This study uses two rounds of detailed survey data from Bangladesh to compare the health of international migrants, interviewed in person and by phone, to that of non-migrants and internal migrants drawn from the same sample. To our knowledge, this is the largest binational panel study of migrant health ever conducted. We control for baseline conditions, account for self-selection and address the role of country of destination, return migration and duration. Compared to non-migrants, overseas migrants experience lower levels of mortality, injury, poor general health and smoking. Yet they experience higher levels of obesity and hypertension. They perform better on positive dimensions of mental health like happiness, yet moderately worse on loneliness. Return migrants experience intermediate outcomes, with few significant differences from non-migrants. Our findings point to a model of health capital, in which migrants’ unique physical and emotional gifts are gradually eroded by the insults of the migration process.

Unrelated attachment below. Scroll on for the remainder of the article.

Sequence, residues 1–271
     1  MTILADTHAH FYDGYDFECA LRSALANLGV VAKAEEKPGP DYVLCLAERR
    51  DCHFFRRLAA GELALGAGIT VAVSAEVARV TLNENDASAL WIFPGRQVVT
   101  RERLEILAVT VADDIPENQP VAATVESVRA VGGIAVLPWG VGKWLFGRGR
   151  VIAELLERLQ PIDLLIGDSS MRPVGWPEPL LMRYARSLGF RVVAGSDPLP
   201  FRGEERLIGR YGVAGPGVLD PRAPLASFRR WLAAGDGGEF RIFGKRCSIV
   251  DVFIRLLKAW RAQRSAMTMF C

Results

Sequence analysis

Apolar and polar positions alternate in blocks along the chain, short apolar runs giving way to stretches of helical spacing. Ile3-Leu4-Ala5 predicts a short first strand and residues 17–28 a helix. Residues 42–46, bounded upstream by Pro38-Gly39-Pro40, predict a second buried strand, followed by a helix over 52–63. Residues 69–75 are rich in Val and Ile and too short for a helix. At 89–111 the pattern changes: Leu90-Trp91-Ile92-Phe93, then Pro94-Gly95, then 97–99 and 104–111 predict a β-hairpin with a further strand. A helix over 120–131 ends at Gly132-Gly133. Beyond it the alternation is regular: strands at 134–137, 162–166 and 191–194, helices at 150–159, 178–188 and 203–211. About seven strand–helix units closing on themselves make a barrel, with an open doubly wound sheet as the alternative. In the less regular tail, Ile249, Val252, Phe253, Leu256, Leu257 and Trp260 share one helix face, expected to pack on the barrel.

Presented in Session 4. Migration and Health/Well-being